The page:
A Future Made in Australia: Does the PMs industrial agenda offer hope for labour and human rights?

Fiona David*

The PMs announcement of the Future Made in Australia Act (FMAA) offers hope for the future of green industry, manufacturing and jobs in Australia. But what hope does it offer for labour and human rights?

Made In Australia Package

The Australian Prime Minister's announcement of plans to introduce a Future Made in Australia Act (FMAA) offers hope for anyone concerned about green industry and manufacturing in Australia. 

According to the Prime Minister's speech this week, the FMAA will bring together a package of new and existing initiatives to "boost investment, create jobs and seize the opportunities of a future made in Australia". Referencing the multi-billion dollar US Inflation Reduction Act, the FMAA will consolidate several industrial reform initiatives under one banner, including Hydrogen Headstart, Solar Sunshot and the National Reconstruction Fund.

From a human rights perspective, the focus on Australian-made solar is incredibly welcome. For too long, Australia (like every country) has sourced solar panels from parts of the world where modern slavery risk is high. While some buyers may have looked the other way, many are likely simply unaware of these issues. From my experience in the corporate world, even those companies that  have actively sought out "cleaner" alternatives face significant challenges due to the realities of geopolitics, global competition for scarce supply and significant price premiums.

Australian solar manufacturers can have a huge advantage in global markets but only if our products are truly green and clean. This will require Federal focus not just on manufacturing but also sourcing. As just one example, the risks of modern slavery in solar energy value chains are typically found right back in the source minerals, and their processing. Simply sourcing these same inputs into Australian-made solar would not fix the problem. We have high quality quartz (silica) deposits in Australia. But will the FMAA require Australian companies to get serious about sourcing clean supply for Australia's manufacturing?

More information on the Act will be coming in the budget but the PM does say this will be “guided by three principles”:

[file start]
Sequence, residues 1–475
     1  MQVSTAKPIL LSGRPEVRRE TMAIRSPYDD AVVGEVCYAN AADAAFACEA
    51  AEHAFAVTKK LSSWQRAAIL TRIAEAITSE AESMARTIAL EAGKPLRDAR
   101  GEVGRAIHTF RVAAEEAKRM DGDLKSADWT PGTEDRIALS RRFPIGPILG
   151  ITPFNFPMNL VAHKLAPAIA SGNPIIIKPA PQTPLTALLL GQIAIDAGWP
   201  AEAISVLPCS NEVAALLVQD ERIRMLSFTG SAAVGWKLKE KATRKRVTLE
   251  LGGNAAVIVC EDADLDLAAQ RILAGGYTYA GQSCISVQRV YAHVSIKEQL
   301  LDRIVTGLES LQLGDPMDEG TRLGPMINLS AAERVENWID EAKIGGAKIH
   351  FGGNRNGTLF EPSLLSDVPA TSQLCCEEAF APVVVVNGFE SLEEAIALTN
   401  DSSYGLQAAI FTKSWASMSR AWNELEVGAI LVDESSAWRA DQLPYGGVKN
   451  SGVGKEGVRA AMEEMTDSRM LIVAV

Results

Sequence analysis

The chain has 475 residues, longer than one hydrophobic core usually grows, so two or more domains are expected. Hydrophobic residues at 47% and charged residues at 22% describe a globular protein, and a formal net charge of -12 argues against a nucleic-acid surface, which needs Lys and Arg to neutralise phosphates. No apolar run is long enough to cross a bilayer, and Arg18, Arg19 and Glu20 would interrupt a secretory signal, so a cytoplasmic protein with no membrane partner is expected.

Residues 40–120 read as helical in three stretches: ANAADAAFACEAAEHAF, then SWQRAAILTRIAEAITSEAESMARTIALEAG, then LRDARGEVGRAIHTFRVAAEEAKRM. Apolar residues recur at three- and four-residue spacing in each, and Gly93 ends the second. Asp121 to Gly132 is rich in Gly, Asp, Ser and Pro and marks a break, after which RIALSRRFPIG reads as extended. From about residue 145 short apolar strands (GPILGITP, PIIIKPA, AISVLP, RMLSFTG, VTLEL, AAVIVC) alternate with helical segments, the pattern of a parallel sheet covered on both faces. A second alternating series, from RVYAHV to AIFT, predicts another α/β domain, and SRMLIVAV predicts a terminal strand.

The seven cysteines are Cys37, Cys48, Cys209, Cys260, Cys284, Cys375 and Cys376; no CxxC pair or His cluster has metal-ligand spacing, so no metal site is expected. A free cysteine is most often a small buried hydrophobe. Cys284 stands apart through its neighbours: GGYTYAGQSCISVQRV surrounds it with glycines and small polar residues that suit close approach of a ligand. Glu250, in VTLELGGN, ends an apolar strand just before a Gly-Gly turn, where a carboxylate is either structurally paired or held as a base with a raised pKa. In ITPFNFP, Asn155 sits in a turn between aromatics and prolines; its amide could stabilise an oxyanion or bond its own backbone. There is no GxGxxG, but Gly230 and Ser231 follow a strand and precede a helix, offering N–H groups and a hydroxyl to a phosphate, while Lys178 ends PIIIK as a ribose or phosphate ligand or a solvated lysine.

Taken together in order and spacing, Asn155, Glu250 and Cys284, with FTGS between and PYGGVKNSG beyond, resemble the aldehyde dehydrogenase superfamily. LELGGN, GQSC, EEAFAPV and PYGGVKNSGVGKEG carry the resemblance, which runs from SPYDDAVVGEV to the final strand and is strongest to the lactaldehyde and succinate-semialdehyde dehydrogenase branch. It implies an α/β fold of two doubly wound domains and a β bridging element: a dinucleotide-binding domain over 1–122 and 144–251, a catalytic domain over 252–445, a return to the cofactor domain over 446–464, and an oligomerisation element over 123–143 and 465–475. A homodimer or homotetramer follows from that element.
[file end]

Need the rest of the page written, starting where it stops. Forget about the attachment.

1. “We need to act and invest at scale.”

2. “We need to be more assertive in capitalising on our comparative advantages and building sovereign capability in areas of national interest.”

3. “We will continue to strengthen and invest in the foundations of economic success:

- Affordable and reliable clean energy

- A better and fairer education system

- Skilled workers, secure jobs, fair wages

- Modern infrastructure

- Shared ambition with business and private capital

- And a positive regulatory environment”

From a human rights perspective, the Prime Minister's focus on the strategic benefit to Australia of having fair wages is critical. Throughout Europe, various national laws and forthcoming regional rules are requiring EU businesses to check that workers in their supply chains are paid a "living wage". The concept of a living wage is pretty simple: it requires people to not only be paid but to be paid enough to actually cover the cost of living decently.  This is an issue on which we can and should compete. The focus on living wage reflects increasing recognition that we want, and I would say need, to live in a world where "value" means far more than simply a "cheap price". 

The Prime Ministers focus on creating a positive regulatory environment is key. Business cannot do the heavy lifting alone, nor can civil society. There is much the government can be doing to adjust policy levers.  So it is good news that in his speech, the PM said "We want to look at every measure that will make a positive difference." Here are some ideas.

1. Competition law reform to build a clear carve-out for B2B collaboration on sustainability, including human rights risk management efforts. The EU has a legal framework for this. Australia needs this. More on the specifics of green competition here.

2. Import restrictions on goods and services where there is a real likelihood these have relied on forced labour or slavery. The EU and US have laws to restrict these imports. Australia needs equivalent import restriction laws, if we are to avoid becoming a dumping ground for products that can no longer be sold in the EU and US markets because of labour concerns.

3. Financial incentives, directors duties and other policy mechanisms, to help price in the real cost of “cheap” exploitative labour practices overseas, that undercut Australian sourced minerals and materials, whether that is silicon, lithium, nickel. It is not fair or realistic to expect manufacturers that pay decent wages and maintain fair working conditions to compete with those who do not. 

Australia's political leaders have an incredible opportunity in the coming budget to drive major industrial transformation, in service of the energy transition. But we owe it to future generations to ensure that this transformation also drives positive social change, including greater opportunity for fair and decent work for all. 

*With thanks to Tahlia McDonald for research support. 


Albanese, A. (2024) A future made in Australia, Prime Minister of Australia. Available at: https://www.pm.gov.au/media/future-made-australia (Accessed: 12 April 2024).


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